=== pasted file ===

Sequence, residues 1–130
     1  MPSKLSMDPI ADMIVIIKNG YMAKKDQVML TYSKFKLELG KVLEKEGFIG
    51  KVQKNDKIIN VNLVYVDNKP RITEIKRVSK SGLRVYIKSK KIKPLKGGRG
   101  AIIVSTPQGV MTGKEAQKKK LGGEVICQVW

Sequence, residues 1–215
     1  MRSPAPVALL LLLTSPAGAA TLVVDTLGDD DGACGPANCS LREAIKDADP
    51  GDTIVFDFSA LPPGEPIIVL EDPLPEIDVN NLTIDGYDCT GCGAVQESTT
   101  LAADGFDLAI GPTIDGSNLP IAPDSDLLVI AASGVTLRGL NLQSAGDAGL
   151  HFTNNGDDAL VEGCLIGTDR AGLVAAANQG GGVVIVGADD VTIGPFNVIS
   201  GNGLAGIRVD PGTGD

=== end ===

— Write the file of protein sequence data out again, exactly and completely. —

Sequence, residues 1–130
     1  MPSKLSMDPI ADMIVIIKNG YMAKKDQVML TYSKFKLELG KVLEKEGFIG
    51  KVQKNDKIIN VNLVYVDNKP RITEIKRVSK SGLRVYIKSK KIKPLKGGRG
   101  AIIVSTPQGV MTGKEAQKKK LGGEVICQVW

Sequence, residues 1–215
     1  MRSPAPVALL LLLTSPAGAA TLVVDTLGDD DGACGPANCS LREAIKDADP
    51  GDTIVFDFSA LPPGEPIIVL EDPLPEIDVN NLTIDGYDCT GCGAVQESTT
   101  LAADGFDLAI GPTIDGSNLP IAPDSDLLVI AASGVTLRGL NLQSAGDAGL
   151  HFTNNGDDAL VEGCLIGTDR AGLVAAANQG GGVVIVGADD VTIGPFNVIS
   201  GNGLAGIRVD PGTGD